Why Marcellus’ comment in Hamlet (Act I, Scene IV) is pertinent today
There’s an interesting fact about the human brain: we have an unusually large frontal cortex. This enlarged part of our brain is what we use when we attempt, albeit usually somewhat clumsily, to reason. Unfortunately for our modern-day world, when we’re in a state of fearfulness, our frontal cortex largely shuts down in order that our fight-or-flight response can predominate. After all, for most of our evolutionary history it would have been highly disadvantageous for us to have stood around pondering the meaning of the leopard that was about to eat us.
What this means is that when we’re induced into a state of fear, we mostly stop being able to reason. This makes us very easy to manipulate.
Those with a knowledge of history will recall how many times Europe experienced pogroms against the Jews; each event was the result of inculcating unreasoning fear in the general population. Jews performed blood rituals using gentile virgins; Jews were plotting to undermine society; Jews were an infection that threatened racial purity, and so on. Ultimately the Nazi Party was able to use such fears in order to promote its “final solution.”
Fears were likewise stoked to ensure that old women were burned as witches and heretics were tortured. Trump used fear to garner votes from those who are repeatedly told that “white Christian culture” is under threat, that immigrants are out to replace them, and so forth. Brexit succeeded on the back of fears about immigration. And today the global panic over COVID-19 is likewise based on fear-mongering by the mass media, which relies on sensation to sustain ad revenues.
But fear is an extremely poor basis upon which to base behavior in our complex modern world.
Furthermore, in addition to the economic and social costs delivered by our current hysteria and our desperate over-reactions, we’re undermining the very basis of our societies.
When we’re gripped by fear we want quick and easy solutions. This is natural; for 95% of our evolutionary history, when we lived in small hunter-gatherer groups, this was a very adaptive reaction. Do what the leader tells us, and whip everyone else in the group into line. A fragmented response could be fatal.
But today, this hardwired instinct means that we actively decry those attempting to moderate our panic by means of appeals to reality. Who among the ordinary decent Europeans of the mid-fourteenth century would have stood up to defend their Jewish neighbors when the Jews were being blamed for the Black Death? Had anyone tried, they’d have been torn apart by the mob.
What Trump supporter would stand up in her church and try to explain that Fox News lies about hordes of “illegal” immigrants (actually refugees) are a grotesque distortion and that the USA shouldn’t be afraid of those fleeing the horrors of rape and murder? She’d be ostracized, or worse.
Our ape-brains are hardwired to react to anecdote; we have very little capacity to use data in order to assess relative risk. That’s why the story of a single person being struck by an autonomous vehicle is so much more compelling than the fact that on the very same day, as happens every single day of every single year, around one hundred people in the USA were struck and killed by human drivers. Our brains can’t distinguish between hype and relative risk so we’re suckers for sensationalism, and the best sensationalism of all comes from real or imaginary threats to life.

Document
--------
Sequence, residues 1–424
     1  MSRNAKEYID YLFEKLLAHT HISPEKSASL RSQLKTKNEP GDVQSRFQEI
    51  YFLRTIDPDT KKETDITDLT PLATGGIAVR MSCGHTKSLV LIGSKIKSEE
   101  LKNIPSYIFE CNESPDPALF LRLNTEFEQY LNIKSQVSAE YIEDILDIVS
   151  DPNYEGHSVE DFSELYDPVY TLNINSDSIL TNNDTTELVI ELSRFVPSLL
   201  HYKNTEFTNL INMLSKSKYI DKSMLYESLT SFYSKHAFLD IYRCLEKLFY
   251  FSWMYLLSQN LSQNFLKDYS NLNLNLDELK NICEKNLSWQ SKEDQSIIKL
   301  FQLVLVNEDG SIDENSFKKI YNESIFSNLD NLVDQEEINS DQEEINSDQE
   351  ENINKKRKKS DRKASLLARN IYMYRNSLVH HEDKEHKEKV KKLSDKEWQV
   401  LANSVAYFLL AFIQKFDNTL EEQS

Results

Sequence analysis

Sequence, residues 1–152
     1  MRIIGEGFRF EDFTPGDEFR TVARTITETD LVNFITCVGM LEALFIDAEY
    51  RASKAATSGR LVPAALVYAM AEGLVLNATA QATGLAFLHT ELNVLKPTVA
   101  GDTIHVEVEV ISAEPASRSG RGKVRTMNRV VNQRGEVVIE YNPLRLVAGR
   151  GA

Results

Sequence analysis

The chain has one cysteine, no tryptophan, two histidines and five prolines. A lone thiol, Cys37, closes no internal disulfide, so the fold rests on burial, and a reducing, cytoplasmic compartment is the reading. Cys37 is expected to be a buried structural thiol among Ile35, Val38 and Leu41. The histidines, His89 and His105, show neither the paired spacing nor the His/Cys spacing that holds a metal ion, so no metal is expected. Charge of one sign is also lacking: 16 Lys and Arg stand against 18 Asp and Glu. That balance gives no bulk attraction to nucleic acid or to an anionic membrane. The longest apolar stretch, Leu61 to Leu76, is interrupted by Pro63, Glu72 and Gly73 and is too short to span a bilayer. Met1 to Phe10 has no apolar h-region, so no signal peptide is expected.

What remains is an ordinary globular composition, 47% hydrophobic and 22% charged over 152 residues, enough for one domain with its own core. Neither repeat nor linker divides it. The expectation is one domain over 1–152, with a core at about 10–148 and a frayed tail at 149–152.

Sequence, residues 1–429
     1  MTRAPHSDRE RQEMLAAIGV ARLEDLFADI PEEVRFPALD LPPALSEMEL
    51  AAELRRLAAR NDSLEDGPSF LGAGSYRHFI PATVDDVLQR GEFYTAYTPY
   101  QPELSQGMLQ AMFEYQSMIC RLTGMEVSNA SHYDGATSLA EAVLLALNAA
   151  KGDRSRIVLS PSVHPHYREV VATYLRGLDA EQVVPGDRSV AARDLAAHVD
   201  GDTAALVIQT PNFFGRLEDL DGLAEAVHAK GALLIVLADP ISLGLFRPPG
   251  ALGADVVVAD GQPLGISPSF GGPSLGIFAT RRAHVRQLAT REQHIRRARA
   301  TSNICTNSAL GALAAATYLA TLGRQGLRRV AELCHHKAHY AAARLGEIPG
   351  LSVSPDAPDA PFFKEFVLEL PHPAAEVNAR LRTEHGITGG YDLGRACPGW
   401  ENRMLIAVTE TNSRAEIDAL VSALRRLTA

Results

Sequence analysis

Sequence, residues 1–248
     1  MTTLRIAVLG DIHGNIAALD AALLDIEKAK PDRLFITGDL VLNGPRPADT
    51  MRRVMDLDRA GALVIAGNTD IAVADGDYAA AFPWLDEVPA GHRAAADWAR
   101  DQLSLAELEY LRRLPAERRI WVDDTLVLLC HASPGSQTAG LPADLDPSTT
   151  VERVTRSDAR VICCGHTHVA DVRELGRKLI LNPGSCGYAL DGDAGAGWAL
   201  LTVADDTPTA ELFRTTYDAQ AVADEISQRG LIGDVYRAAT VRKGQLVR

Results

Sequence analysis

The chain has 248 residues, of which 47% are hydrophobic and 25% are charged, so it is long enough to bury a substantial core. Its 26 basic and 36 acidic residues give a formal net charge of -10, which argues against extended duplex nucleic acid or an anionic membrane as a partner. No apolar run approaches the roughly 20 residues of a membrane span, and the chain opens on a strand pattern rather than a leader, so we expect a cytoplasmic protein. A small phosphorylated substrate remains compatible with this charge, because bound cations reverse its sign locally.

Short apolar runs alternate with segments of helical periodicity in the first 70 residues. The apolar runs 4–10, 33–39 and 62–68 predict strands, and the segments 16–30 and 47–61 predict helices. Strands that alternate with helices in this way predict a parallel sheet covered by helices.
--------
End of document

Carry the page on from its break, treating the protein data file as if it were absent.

When the great mass of people are gripped by panic, reason has no purchase and it can be very dangerous for those attempting to persuade the mob that their fears are grossly exaggerated. Mob mentality has no room for nuance or facts. Mob mentality demands absolute subjection to whatever “remedy” is proposed by authority figures.
And that’s the problem we face today. In a world of always-on sensationalism, we’re in a near-continuous state of anxiety. It doesn’t take much to tip us over the edge into panic. And when we panic, the very last thing we’re prepared to do is listen to facts and reason. Instead, we’ll attack those who are foolish enough to try to reduce our fear.
That’s why I’m so concerned about the current COVID-19 scare. The data tells us that it’s not the end-of-the-world threat that media sensationalism causes us believe, yet practically no one cares about the data. Everyone is afraid, and so our reasoning ability goes out the window.
Aside from the fact that it’s profoundly unhealthy for us to live in this way, there’s an even darker consequence.
Imagine that there is someone who would like to attain absolute power. This person has already learned the lesson of Brexit and Trump: stoke fear, tell lies, and a large enough percentage of the population will vote for you because they’re so easily manipulated. Now this person is learning the lesson of C-19: keep repeating a simple message of fear and nearly everyone will succumb to panic, nearly everyone will clamor for quick-fix solutions regardless of the cost. And nearly everyone will shout down and attack anyone foolish enough to stand up and say, “Hey, it’s actually not as bad as you think it is, and here’s data to prove it.”
It’s not difficult to see where this mentality ultimately leads us. Even the most well-meaning among us will be part of the problem. Even the most well-meaning among us will rush down the road toward extreme solutions because we’ll be told “this is the only way to contain the existential threat that now faces us!”
Perhaps it’s time to start investing in construction companies.
Because unless we learn important lessons very quickly indeed, and engineer ways to minimize rather than maximize mass hysteria, our future will be filled with concentration camps and walls.